That was all she needed to decide whether or not to remain in the marriage. And the fact that the beaten from her husband had assumed a rather brutal and senseless dimension at this stage was  also a deciding factor. For him, not accepting to sleep with his brother frustrated his game plan and continues to expose him to ridicule. So the beating was an expression of his frustration and a way of making her pay for her stupidity.

Eventually, she escaped from the house-back to her family house and never went back till date.

Why should society continue to torment a woman for a problem she is not responsible for? Even if she responsible for the problem there are some that she couldn’t have done anything about especially if it is congenital. Why should couples live in hatred and violence or be torn apart  due to cases of infertility that can be medically resolved?

The answer to  any of these posers is definitely anybody’s guess.

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Ibrahim Umoru

At the early years of the HIV and AIDS epidemic when treatment was a mirage, a woman testing positive to HIV gives up hope of bearing a child for the fear of having HIV+ children.

With the advent of robust treatment, care and support; our women folks taking advantage of Prevention of Mother to Child Transmission(PMTCT) services smile with relief for the ability to have babies who are HIV+. What a wonderful world!

However, as a father, a husband and somebody living positively and constructively with HIV, I sure do have a role, in fact a bold and big one at that, in my wife’s effort at accessing PMTCT. I play strong roles in supporting my wife on treatment to attain a robust CD4 count and undetectable level of HIV in her blood. It is my responsibility to make her have a good nutrition and maintain a good health as well as encouraging safer sex to the time of peak ovulation. This is to reduce re-infection.

One of the ways to prevent mother-to-child transmission of HIV involves a long course of antiretroviral drugs and

Make sure she sees a midwife:Living up to his responsibility beyond just getting her pregnant:source:africanfathers.org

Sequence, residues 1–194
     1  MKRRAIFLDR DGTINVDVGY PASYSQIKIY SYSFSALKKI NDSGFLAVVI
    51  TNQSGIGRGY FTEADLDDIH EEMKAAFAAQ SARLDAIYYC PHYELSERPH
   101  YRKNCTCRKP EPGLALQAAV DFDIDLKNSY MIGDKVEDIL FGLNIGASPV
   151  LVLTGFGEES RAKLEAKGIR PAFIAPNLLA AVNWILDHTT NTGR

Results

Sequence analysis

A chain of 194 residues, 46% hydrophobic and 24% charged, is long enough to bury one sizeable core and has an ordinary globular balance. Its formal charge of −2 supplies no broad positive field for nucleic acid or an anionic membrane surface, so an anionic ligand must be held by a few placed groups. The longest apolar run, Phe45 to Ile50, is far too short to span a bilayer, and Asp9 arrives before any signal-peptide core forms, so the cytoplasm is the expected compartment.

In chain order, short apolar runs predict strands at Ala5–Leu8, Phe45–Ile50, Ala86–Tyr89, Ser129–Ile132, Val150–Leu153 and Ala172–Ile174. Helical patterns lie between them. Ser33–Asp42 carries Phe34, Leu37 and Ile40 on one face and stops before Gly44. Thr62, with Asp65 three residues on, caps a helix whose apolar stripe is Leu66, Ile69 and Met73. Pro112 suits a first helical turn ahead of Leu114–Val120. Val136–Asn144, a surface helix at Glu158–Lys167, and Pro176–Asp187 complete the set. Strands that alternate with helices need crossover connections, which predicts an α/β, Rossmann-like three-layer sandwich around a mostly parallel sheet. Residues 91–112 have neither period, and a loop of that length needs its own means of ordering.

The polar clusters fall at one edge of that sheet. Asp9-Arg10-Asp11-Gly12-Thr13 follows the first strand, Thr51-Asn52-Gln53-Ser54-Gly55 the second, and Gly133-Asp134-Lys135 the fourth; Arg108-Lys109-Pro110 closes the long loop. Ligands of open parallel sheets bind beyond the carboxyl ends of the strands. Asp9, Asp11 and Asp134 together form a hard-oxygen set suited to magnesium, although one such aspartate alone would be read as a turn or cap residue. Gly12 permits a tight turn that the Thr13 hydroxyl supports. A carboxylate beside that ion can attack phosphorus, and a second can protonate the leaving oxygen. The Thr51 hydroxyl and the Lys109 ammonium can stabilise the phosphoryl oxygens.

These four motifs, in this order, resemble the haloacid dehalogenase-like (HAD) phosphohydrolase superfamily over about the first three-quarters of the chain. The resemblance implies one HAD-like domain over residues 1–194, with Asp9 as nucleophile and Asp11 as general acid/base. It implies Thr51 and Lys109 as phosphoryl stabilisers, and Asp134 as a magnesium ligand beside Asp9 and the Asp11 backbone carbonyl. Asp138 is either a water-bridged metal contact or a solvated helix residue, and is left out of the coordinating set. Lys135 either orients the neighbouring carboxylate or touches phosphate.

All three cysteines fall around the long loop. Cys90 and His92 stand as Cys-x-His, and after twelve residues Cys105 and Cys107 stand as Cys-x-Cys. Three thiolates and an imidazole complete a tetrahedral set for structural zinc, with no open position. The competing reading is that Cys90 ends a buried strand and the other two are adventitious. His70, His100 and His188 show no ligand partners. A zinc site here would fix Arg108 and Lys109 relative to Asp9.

avoidance of breastfeeding, which reduces the risk to below 2%. In developed countries ,the number of infant infections has plummeted since this option became available in the mid-1990s.

Since 1999, it has been known that much simpler, inexpensive courses of drugs can also cut mother-to-child transmission rates by at least a half. The most basic of these comprises just two doses of a drug called nevirapine – one given to the mother during labour and the other given to her baby soon after birth. These short-course treatments, combined with safer infant feeding, have the potential to save many tens of thousands of children from HIV infection each year.

However, for the whole robust course of a full ARV regime, opting for elective CS, alternative infant feeding; men’s roles are obviously essential and we MUST be there for our female partners.

It is important to note that as husbands we have a role to play to make the period of pregnancy less stressful for wives and always be there for them and for the union too. In encouraging my wife to consent to elective caesarian section, I continued with such support and was in the theatre by her side when she had her baby.

This is my opinion about men being part of the solution rather than the problem. We played a role in the pregnancy and since we cannot carry it (the pregnancy) we should be responsible enough to support and  encourage the woman till she enters the labour room.